Cricket South Africa achieves gender pay equality for international matches, introduces six-team professional women’s domestic cricket system, promoting inclusivity, diversity, and recognition of female athletes’ excellence. Landmark step lauded by sports minister and fans.
Pretoria, August 22, 2023 — In a groundbreaking move that marks a significant milestone for gender equality in sports, Cricket South Africa (CSA) has declared equal international-match fees for both men’s and women’s players. This landmark announcement puts CSA in league with cricketing powerhouses New Zealand and India, setting an example of gender parity within the international cricketing community.
The announcement coincides with CSA’s unveiling of an ambitious six-team professional domestic system for women cricketers. This transformative development follows the resounding success of the Women’s T20 World Cup, hosted by South Africa in February. The new professional structure is poised to redefine women’s cricket in the country and is being hailed as a momentous step towards the advancement of women’s sports.
Effective from next month, when South Africa’s women’s cricket team embarks on their tour of Pakistan, the new match fees will ensure that players from both the men’s and women’s teams receive equal remuneration for their international appearances. This equitable compensation is not only a testament to the commitment to gender equality but also a recognition of the dedication and excellence exhibited by female cricketers.
The newly introduced professional domestic system draws inspiration from the existing two-tier setup comprising 16 teams. The top six teams, including Titans, Lions, Dolphins, Western Province, Free State, and Garden Route Badgers, will now have the capacity to contract 11 players each, up from the previous six. Moreover, these players will enjoy pay rates that mirror the highest-paid male cricketers in Division 2. This forward-looking initiative also ensures that these teams can afford a full-time coaching staff.
In a strategic move to foster inclusivity and gender diversity, CSA will sponsor four backroom-staff positions for each of the six teams, mandating that at least two of them be occupied by female personnel. This commitment to female representation at all levels of the game is an embodiment of CSA’s dedication to promoting women in cricket.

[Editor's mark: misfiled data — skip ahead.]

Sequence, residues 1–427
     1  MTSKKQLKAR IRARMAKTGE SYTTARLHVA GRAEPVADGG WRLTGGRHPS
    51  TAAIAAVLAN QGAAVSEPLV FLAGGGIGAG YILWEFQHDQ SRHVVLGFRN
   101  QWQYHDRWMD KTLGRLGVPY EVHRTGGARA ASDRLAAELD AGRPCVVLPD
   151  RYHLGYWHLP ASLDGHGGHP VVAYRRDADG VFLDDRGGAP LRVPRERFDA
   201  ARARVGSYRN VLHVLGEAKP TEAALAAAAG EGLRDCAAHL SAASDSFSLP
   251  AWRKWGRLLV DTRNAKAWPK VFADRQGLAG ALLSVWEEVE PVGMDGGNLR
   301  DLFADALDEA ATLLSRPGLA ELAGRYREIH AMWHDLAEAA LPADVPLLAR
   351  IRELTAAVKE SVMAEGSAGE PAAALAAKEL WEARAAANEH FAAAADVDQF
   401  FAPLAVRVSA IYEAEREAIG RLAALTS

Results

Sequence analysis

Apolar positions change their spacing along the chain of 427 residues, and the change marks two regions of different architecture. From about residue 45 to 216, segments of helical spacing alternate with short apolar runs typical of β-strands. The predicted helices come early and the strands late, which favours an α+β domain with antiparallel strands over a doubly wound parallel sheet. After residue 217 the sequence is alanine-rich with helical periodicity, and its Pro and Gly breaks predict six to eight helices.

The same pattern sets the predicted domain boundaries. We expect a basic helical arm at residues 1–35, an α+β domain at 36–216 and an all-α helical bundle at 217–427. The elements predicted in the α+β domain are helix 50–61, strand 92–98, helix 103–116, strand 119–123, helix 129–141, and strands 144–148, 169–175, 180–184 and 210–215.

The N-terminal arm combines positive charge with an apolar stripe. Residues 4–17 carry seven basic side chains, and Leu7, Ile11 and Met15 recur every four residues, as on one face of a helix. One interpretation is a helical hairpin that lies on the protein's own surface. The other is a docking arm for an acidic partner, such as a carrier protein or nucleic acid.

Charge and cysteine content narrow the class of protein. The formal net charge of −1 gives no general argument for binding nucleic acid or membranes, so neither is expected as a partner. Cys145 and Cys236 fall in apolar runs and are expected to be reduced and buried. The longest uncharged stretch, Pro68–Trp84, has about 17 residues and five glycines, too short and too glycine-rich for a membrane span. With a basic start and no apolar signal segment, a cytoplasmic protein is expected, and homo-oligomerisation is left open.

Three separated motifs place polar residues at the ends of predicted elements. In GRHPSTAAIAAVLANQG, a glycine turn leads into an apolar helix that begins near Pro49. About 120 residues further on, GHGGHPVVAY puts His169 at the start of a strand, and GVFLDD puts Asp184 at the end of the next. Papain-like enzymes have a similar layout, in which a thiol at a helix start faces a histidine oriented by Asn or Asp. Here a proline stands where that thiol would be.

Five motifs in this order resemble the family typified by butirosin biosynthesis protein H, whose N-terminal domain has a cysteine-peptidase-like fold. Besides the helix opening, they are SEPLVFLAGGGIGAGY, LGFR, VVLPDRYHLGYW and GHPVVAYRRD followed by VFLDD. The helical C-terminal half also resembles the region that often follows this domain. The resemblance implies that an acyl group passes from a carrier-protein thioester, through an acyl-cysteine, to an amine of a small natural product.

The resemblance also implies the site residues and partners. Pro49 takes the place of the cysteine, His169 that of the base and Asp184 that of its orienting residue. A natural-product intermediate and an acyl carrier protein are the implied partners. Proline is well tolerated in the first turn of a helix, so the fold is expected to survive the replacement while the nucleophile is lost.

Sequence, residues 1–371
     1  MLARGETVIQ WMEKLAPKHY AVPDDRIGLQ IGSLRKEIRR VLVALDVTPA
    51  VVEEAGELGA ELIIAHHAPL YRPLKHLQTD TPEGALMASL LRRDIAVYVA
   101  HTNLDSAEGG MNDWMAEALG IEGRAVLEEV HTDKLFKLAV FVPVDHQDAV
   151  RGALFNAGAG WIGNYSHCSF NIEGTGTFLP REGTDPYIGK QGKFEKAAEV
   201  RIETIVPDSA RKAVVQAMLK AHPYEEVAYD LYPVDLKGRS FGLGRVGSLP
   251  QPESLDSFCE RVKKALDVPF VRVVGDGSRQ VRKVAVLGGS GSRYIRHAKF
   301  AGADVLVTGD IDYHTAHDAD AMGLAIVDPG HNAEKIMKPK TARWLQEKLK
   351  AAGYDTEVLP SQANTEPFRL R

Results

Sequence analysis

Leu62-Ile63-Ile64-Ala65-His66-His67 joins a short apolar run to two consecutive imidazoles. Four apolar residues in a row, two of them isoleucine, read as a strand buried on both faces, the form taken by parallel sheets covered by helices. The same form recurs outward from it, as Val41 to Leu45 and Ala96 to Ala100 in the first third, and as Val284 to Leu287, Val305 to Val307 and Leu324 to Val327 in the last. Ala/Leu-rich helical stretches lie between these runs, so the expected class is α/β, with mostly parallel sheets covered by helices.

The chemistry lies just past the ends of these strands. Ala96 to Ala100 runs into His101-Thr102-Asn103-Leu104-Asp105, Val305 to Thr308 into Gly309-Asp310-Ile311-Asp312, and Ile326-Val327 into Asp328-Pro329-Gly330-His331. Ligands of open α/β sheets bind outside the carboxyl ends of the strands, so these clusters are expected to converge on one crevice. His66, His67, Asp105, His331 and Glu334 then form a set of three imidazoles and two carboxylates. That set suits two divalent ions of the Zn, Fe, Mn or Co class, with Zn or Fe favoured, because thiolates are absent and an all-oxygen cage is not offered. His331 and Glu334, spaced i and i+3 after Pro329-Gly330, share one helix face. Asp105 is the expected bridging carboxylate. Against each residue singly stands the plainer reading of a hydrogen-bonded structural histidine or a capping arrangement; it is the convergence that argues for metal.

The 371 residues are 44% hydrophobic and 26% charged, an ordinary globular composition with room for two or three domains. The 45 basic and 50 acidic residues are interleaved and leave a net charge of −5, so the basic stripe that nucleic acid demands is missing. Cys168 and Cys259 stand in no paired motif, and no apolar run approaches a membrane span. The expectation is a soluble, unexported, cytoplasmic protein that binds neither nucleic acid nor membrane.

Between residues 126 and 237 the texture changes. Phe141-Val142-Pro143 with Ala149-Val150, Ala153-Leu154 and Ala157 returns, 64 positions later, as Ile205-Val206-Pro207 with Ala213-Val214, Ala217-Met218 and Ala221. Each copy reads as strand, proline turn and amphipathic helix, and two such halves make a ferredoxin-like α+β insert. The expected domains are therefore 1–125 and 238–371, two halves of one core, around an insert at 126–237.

As part of the newly introduced domestic system, the top six teams will engage in both 50-over and 20-over competitions. To enhance visibility and fan engagement, the 20-over matches are scheduled to coincide with the men’s competition. This groundbreaking step makes cricket the first team sport in South Africa to professionalize the women’s game at the domestic level, earning commendation from the country’s sports minister, Zizi Kodwa.
Kodwa, at the unveiling of the six teams in Pretoria, expressed, “What we are celebrating today is not about monetary value but about leadership and political will. You seem to be the only federation who understood what we said. How I wish others are listening as we speak now.”
While the focus remains on the top six teams, the new initiative also introduces changes for teams in the bottom ten. The fixture list will expand notably, with cross-pool matches added to the roster. This tournament-style approach is expected to encourage competitiveness and skill development among the participating teams.
The expansion of women’s cricket is anticipated to require an investment of R40 million (approximately US$2.1 million) over three years. The government’s Department of Sports, Arts, and Culture has pledged R15 million (US$800,000) to support CSA’s efforts in realizing this vision.
As CSA leads the charge in fostering gender equality and propelling women’s cricket to new heights, the world watches on, acknowledging the significance of these transformative strides in the realm of sports and gender representation.